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Clinical chemistry

A step forward in enzymatic measurement of creatinine.


PMID 8287520

Abstract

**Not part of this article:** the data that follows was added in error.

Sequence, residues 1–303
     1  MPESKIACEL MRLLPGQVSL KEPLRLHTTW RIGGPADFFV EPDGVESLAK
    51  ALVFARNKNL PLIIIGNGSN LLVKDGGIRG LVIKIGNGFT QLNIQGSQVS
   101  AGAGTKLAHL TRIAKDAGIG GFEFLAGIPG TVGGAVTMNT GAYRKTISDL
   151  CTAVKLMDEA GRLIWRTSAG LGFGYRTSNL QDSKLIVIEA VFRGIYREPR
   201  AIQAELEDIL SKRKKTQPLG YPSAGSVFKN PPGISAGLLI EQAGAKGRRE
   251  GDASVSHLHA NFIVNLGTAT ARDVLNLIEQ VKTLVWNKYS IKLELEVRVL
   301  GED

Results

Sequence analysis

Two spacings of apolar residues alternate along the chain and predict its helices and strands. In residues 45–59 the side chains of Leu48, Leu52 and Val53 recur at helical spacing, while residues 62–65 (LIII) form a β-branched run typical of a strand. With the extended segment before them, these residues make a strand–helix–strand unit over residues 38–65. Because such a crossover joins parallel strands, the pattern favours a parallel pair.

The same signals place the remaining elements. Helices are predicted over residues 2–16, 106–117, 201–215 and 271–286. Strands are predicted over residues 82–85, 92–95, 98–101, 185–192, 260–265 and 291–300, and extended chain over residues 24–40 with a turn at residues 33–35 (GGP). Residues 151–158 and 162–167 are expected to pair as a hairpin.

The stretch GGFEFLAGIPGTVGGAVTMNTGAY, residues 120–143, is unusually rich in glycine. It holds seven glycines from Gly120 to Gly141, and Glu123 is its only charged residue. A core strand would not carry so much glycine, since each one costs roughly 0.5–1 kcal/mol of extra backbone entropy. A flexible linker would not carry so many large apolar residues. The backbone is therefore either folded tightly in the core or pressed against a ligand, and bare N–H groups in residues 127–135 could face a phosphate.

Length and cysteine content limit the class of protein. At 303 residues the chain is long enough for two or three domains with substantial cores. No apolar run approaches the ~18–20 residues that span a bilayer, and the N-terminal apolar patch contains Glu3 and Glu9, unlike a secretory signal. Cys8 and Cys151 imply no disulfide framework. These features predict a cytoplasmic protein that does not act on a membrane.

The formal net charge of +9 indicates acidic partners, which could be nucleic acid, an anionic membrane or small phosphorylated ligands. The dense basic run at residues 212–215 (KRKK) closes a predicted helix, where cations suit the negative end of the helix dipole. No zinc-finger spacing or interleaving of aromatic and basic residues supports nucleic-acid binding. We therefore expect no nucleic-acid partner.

We describe an improved enzymatic ultraviolet absorbance method for assaying creatinine in serum, plasma, and urine. Creatinine is hydrolyzed by creatinine iminohydrolase (EC 3.5.4.21) to ammonia and N-methylhydantoin. The ammonia produced combines with 2-oxoglutarate and NADPH in the presence of glutamate dehydrogenase to yield glutamate and NADP+. The consumption of NADPH, measured by a two-point fixed-time assay, is proportional to the amount of creatinine in the sample. The assay is carried out in two steps: The first step eliminates background absorbance in hyperlipemic samples and endogenous ammonia through a "clearing system" and an isocitrate dehydrogenase-based "ammonia scavenger system"; the second step starts creatinine measurement. The method affords a simple, rapid, and sensitive assay with good precision and extended linearity; it employs working solutions stable at least 4 months. Test results compare closely with those of the isotope dilution-mass spectrometry Definitive Method, the HPLC procedure, and the fuller's earth method. The proposed method is not subject to interference from several metabolites or from the 72 drugs tested. Because it is easily automated, the method is suitable for routine work in clinical laboratories.